Materials and methods
This study prospectively identified 387 children < 12 years of age who were admitted from September 2003 to August 2006 to the paediatric units of two major (Mubarak Al-Kabir and Adan) hospitals in Kuwait with the clinical diagnosis of AM. All children underwent lumbar puncture for collection of cerebrospinal fluid (CSF) which was routinely cultured for common bacterial pathogens in the hospital microbiology laboratory and a portion of CSF sample was transported to the Reference Virology Laboratory, Faculty of Medicine, Kuwait University where RT-PCR tests and virus culture for enteroviruses were performed. The study was approved by the Ethics Committee of the Faculty of Medicine, Kuwait University. Demographic, laboratory and clinical data were collected. Laboratory findings included CSF pleocytosis and absence of bacterial growth. A case was defined as AM based on the following criteria: fever (>38°C), symptoms and signs of meningeal inflammation, CSF white blood cell count >5 × 106cells/l and negative CSF bacterial culture.
Viral RNA isolation
The viral RNA was isolated from the CSF samples, typically within one working day, using the viral RNA isolation kit (Qiagen) according to manufacturer's instructions and as described previously . For the detection of enteroviral RNA by reverse transcription-PCR (RT-PCR), 1 μl of extracted RNA was used.
Detection of enteroviral RNA
Enteroviral RNA was detected in RNA samples by using the RT-PCR kit (Qiagen) and a sensitive, one-step RT-PCR protocol described previously . The samples were analyzed by agarose gel electrophoresis, as described previously . The reproducibility of the assay was periodically checked by both internal as well as external National External Quality Assurance Testing (UK-NEQAS) with consistent performance.
Southern blotting and hybridization
The enterovirus-specific identity of amplicons was confirmed by Southern hybridization using an enterovirus-specific biotin-labeled probe, EVKP (5'-biotin-ATTGTCACCATAAGCAGCCA-3' corresponding to nucleotide positions 601 to 582 of prototype E9 strain DM, GenBank accession number AF524867). The amplicons, after agarose gel electrophoresis, were transferred onto positively charged nylon membranes and the hybrids were detected by using anti-biotin antibodies as described previously [16, 31].
Viral isolation in cell culture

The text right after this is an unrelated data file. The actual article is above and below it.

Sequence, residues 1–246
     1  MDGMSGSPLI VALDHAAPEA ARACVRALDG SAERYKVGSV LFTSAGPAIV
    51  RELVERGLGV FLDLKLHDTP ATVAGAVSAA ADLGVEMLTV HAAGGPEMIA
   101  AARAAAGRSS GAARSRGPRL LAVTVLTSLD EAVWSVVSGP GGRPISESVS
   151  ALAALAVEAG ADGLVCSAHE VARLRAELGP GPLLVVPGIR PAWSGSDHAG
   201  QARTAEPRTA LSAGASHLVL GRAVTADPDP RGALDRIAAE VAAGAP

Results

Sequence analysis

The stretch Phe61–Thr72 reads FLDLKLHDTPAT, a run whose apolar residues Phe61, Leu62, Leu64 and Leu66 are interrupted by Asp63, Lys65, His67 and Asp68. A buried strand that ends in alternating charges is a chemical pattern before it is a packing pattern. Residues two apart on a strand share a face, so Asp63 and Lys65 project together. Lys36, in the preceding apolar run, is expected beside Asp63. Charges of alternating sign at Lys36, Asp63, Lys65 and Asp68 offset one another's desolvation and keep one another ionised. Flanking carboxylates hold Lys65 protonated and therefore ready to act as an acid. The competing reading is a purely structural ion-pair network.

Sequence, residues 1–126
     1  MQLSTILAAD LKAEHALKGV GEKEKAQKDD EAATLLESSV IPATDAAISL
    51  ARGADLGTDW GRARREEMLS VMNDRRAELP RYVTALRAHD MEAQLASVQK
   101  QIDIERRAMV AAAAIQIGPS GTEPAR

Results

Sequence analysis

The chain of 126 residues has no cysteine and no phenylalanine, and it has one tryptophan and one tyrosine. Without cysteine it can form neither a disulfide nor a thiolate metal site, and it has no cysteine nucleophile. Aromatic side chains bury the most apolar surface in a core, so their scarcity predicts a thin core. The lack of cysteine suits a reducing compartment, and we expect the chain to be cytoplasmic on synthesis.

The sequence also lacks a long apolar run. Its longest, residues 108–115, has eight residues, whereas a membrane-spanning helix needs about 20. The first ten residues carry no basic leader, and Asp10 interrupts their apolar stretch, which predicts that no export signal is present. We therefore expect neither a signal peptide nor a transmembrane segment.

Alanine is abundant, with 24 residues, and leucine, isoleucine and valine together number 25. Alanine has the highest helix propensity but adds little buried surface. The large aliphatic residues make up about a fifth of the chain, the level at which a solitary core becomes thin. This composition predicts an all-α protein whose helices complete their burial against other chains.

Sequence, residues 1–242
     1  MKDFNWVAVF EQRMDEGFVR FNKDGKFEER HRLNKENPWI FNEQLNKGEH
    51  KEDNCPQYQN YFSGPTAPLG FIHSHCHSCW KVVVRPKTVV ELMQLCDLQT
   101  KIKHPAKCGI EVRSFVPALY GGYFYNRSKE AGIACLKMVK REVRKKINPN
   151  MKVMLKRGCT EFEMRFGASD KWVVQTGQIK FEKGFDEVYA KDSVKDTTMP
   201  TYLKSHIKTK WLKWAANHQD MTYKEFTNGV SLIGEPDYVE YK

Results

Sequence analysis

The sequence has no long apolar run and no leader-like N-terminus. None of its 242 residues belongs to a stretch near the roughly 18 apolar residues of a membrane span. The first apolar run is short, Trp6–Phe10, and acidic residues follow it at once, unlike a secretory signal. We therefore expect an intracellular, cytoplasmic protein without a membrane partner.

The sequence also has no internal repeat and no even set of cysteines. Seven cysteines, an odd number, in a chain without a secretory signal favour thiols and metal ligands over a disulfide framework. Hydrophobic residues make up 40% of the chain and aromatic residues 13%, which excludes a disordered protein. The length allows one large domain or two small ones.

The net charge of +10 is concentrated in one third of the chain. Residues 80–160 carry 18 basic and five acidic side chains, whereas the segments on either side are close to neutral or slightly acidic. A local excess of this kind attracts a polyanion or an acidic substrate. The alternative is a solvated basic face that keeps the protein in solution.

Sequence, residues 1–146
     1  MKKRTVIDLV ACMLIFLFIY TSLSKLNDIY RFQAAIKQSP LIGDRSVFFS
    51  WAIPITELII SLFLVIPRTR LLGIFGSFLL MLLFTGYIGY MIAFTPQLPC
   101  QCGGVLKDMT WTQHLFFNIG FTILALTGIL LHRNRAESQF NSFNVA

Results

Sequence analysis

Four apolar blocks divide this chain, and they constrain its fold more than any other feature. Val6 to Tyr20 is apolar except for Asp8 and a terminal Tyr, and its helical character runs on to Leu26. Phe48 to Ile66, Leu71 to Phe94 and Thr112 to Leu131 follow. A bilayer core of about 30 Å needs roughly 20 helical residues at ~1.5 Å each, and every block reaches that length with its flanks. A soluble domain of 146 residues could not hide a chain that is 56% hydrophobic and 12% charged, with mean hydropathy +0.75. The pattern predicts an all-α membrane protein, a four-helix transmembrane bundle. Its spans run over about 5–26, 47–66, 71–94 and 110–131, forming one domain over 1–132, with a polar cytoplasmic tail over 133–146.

The virus was isolated from some selected samples by using African green monkey kidney (Vero) and HeLa cells cultured in a monolayer on 24-well microplates. The cells were cultured for at least two weeks at 37°C and were periodically checked for characteristic cytopathogenic effect. If a cytopathogenic effect was observed, the sample was considered as virus-culture positive. The isolated virus was subsequently identified by virus neutralization test using neutralization antiserum specific to each enterovirus.
Genotyping of enteroviruses by DNA sequencing
A DNA fragment (~650 bp) covering the hypervariable VP4-VP2 region  of enteroviral genome was amplified from each enterovirus-positive CSF sample by using the one-step RT-PCR protocol described above except that primers EVK1 (5'-GACTACTTTGGGTGTCCGTGT-3' corresponding to nucleotide positions 543 to 563 of prototype E9 strain DM, GenBank accession number AF524867) and EVK2 (5'-GGTAAYTTCCACCACCANCC-3' corresponding to nucleotide positions 1197 to 1178 of prototype E9 strain DM, GenBank accession number AF524867) were used. A portion (5 μl) of the RT-PCR product was run on agarose gel to confirm the amplification of a DNA fragment of expected size and the remaining sample was purified by using QIAquick PCR purification columns (Qiagen) as described previously [32, 33]. Both strands of purified amplicons were sequenced by using cycle DNA sequencing kit (DTCS CEQ8000, Beckman Coulter) as described in detail previously [32, 33] except that primer EVK1 or EVK2 were used as sequencing primers. Reverse complements were generated and aligned with forward sequences using ClustalW http://www.ebi.ac.uk/Tools/clustalw/index.html. GenBank identity search using Basic Local Alignment Search Tool (BLAST) http://www.ncbi.nlm.nih.gov/BLAST/Blast.cgi? was performed for genotype identification. A minimum identity of 92% over the entire length of the amplicons with prototype strains of different enteroviruses was used for genotype assignment . The DNA sequencing data reported in this study have been submitted to EMBL under accession numbers FR687401 to FR687410 and FR690863 to FR690867.